Eef, Phalanstery Modules, and Loving The Unknown

Last night I got to see Eef Barzelay perform live down at the Spaceland, in Silverlake, LA.

It's not often that you get to see a performer who actually sounds and entertains better in person than they do pre-recorded, but honestly, Eef is exactly that. The deft command of both his gifted back-up artists and over his audience is really rather extraordinary.

There's a strangely affecting balance he hits within his performance, one that mixes troubling self-reflection with that of the playful rock-and-roll persona. The frequent out-bursts of skilled strumming and fingerpicking, accompanied by high-kick jumps and melodic vibrato singing, somehow seem truly necessary in delivering his desired tone. He sounds like a hopeful romantic, even when he's singing about the bleaching of various body-parts, all the while providing an original out-look on the society he finds on the brink of the apocalypse.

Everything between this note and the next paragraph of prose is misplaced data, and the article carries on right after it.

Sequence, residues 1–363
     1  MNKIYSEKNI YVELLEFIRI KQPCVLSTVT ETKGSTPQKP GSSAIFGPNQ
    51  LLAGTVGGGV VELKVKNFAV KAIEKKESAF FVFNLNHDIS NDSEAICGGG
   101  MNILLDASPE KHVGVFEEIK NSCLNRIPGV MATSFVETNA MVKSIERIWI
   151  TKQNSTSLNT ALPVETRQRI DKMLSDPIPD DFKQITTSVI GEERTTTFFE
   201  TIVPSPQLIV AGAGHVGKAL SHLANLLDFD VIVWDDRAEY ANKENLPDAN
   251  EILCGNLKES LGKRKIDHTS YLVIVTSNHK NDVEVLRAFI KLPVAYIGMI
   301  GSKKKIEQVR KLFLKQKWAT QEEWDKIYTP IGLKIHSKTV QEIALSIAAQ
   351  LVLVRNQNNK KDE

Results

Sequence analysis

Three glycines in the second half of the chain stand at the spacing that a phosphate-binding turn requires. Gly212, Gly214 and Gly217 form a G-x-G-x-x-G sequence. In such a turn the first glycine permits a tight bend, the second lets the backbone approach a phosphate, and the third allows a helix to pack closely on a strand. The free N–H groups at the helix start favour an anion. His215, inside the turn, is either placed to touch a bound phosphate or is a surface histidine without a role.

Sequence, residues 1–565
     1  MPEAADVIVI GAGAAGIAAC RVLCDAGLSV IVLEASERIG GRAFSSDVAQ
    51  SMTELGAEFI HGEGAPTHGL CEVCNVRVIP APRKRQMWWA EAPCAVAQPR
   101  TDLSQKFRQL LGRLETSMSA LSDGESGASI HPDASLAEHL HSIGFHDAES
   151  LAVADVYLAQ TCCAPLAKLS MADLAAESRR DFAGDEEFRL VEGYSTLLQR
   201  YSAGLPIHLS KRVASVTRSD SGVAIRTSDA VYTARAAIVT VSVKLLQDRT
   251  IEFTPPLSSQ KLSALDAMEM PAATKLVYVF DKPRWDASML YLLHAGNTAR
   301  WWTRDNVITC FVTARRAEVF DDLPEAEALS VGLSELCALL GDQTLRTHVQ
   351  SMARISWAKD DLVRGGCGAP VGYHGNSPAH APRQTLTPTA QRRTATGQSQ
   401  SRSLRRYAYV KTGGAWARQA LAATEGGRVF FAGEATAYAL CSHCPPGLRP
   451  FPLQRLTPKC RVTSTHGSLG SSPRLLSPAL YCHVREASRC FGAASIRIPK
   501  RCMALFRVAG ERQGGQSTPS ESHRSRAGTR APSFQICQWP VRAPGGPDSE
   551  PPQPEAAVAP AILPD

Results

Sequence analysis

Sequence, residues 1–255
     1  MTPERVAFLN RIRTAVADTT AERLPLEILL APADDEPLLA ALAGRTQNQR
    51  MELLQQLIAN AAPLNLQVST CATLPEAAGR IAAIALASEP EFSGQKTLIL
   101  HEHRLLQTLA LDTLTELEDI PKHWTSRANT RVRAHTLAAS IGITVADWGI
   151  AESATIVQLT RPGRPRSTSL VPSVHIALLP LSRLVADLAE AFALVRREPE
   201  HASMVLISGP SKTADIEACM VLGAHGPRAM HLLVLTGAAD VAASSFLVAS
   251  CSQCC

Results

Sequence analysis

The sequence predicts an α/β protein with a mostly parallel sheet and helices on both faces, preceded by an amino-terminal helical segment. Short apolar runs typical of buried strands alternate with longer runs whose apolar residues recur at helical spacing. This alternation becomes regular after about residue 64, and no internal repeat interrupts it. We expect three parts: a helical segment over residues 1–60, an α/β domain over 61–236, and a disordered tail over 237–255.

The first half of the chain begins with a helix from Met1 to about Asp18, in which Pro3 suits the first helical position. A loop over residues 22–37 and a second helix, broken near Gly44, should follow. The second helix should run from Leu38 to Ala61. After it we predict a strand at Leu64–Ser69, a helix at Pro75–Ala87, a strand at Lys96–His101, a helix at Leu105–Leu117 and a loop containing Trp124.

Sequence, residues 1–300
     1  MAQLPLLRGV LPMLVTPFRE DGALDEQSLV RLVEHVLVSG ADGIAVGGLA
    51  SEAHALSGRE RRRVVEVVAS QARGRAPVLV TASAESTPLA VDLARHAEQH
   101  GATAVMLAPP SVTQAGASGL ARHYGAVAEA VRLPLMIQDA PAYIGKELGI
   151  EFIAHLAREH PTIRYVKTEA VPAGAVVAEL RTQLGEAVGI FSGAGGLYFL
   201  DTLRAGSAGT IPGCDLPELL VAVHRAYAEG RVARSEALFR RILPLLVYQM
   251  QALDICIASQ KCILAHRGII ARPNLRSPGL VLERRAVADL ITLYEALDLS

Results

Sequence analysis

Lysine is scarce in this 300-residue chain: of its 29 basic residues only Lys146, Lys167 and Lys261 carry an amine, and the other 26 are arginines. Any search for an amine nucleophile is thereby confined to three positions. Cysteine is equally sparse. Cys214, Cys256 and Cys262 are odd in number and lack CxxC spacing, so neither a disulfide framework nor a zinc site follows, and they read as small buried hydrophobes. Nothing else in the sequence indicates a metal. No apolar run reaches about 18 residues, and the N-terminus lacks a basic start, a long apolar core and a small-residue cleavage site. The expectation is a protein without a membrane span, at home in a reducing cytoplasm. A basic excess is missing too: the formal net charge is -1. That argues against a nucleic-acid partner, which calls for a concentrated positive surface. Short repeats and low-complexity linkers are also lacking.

It's amazing stuff.

But just before the performance I saw something just as amazing, if not incredibly impractical.

A Phalanstery Module.

It was designed by comic-book artist Jimenez Lai mainly to demonstrate living on all dimensions in a zero-gravity environment by having architecture on all surfaces and constantly rotating.

Beth and I saw it while wandering about before the performance.

And I basically discovered I want to live inside of it.

But I don't want to live inside of a zero-gravity environment. I just want to live in a small apartment that constantly rotates extremely slowly.
I want to wake up each morning confused and on the floor, but at least have a separate, equally strange explanation, and then get into the habbit of constantly picking up fallen vases, paintings, furniture, and basically everything not nailed down.

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